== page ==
In March, the former Secretary of State for Housing, Communities and Local Government Sajid Javid gave what is hoped will be the final rejection of the intended surface mine at Druridge Bay, Northumberland.
The purpose of the mine was to obtain millions of tonnes of coals, with a much smaller amount of building materials.
Who the final decision-maker is is not always clear in these days of European and Supreme courts, but I trust the many well-informed objectors to this blot on the landscape business will feel rewarded for their efforts.
A fair argument has been that this local coal would only replace imported coal from such places as Poland and Russia.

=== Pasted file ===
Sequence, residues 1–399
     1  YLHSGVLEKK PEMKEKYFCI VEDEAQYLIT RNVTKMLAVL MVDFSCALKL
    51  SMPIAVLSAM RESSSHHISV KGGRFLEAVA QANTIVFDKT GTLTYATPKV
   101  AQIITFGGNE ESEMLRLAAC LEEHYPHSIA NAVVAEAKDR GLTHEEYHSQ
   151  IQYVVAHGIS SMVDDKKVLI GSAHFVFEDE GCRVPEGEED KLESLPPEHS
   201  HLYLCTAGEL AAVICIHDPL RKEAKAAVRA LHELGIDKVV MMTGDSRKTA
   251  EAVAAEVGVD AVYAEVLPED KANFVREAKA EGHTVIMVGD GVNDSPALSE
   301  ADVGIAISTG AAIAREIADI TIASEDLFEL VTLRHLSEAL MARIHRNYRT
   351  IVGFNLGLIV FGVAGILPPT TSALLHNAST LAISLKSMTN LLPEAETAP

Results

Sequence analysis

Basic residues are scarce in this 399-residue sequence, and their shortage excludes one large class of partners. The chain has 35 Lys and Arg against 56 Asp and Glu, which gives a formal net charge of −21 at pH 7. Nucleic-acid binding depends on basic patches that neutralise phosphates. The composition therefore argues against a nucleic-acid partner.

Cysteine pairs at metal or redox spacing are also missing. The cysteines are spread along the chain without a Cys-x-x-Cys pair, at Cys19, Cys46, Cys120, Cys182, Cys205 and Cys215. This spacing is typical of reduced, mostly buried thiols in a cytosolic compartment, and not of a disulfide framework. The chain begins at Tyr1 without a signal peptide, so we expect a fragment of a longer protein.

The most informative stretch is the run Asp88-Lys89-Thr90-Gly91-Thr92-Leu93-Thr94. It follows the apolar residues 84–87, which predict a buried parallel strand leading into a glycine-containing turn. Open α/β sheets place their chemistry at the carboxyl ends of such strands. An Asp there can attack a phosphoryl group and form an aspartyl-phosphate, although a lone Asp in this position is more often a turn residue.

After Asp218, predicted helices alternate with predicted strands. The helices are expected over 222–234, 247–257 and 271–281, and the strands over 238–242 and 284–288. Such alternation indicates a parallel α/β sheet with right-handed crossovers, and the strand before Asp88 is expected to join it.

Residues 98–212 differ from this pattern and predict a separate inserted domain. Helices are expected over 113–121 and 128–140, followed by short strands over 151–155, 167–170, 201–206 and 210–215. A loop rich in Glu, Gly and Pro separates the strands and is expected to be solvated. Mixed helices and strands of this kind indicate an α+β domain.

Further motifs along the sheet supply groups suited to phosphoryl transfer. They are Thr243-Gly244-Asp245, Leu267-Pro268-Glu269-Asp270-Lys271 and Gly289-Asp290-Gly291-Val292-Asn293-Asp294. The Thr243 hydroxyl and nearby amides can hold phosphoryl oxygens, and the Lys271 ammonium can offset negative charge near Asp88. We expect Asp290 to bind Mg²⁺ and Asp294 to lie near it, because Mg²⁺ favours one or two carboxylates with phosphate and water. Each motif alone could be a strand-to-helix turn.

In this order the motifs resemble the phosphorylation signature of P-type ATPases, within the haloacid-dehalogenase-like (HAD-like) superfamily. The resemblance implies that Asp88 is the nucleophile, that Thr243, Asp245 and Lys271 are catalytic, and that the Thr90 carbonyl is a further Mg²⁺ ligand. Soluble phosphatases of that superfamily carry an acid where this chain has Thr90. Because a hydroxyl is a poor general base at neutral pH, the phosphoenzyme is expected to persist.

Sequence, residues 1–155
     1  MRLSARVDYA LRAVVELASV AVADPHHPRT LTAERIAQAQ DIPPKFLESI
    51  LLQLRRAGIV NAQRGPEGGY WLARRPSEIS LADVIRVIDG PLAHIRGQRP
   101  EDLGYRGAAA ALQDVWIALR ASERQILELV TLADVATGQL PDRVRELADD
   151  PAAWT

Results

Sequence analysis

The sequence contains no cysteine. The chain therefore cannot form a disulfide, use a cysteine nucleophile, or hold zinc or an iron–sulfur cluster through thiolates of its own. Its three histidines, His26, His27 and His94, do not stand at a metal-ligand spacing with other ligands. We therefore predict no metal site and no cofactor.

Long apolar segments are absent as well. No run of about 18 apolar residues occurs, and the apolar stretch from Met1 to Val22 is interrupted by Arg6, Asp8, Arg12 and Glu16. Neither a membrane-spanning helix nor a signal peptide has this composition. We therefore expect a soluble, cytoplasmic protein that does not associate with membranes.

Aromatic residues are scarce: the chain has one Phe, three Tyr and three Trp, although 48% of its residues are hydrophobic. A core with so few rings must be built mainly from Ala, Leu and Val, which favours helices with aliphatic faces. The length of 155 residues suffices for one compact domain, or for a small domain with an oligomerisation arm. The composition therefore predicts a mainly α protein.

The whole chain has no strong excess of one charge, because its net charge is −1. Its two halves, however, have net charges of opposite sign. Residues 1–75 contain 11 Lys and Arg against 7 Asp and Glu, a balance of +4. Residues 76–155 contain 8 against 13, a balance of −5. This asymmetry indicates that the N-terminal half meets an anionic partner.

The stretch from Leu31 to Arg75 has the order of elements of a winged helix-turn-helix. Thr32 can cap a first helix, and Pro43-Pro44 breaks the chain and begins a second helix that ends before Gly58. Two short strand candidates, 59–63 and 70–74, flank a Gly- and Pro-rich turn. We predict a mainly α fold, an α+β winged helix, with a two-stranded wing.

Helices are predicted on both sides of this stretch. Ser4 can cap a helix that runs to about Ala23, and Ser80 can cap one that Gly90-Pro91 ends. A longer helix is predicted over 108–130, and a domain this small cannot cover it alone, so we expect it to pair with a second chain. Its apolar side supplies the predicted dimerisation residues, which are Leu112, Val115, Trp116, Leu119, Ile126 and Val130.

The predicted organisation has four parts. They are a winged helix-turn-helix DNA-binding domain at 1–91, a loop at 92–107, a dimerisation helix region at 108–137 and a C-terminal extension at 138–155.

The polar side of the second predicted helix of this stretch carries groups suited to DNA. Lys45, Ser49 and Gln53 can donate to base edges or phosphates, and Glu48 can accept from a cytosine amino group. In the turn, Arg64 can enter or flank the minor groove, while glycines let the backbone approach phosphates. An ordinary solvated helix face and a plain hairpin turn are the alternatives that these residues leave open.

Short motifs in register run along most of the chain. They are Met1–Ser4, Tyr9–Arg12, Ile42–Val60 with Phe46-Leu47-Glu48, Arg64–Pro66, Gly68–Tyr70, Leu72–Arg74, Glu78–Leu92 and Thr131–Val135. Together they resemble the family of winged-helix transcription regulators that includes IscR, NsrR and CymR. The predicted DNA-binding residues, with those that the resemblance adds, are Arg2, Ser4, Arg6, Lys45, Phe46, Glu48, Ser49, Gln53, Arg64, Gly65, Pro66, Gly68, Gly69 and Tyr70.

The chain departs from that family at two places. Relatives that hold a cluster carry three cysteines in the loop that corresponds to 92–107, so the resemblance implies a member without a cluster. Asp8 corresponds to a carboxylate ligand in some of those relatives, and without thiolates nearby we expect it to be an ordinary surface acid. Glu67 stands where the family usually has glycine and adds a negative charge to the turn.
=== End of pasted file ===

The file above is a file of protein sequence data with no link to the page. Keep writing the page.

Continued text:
The phasing out of coal-fired power stations is well advanced, with only a few units being held available for emergency situations as more environmental means of generating electricity advance – hopefully.
Wood pellets, largely imported, are not an environmental fuel in the overall policy of removing carbon dioxide and even worse gases from what we burn and breathe.
In North Yorkshire, Lancashire, Surrey, etc, people have demonstrated in front of sites where the objectionable ‘fracking’ and conventional drilling for gas and oil have had initial plan approval by councils.
Some industrial processes may depend on oil, gas or coal, but instead of the present millions of tonnes, a few hundred should be tolerated until something better arises. The potential jobs have been also considered.
The objectors include some high profile television and film people who have made valuable contributions, but the ranks of ordinary people are the main force.
Mr A M Johnson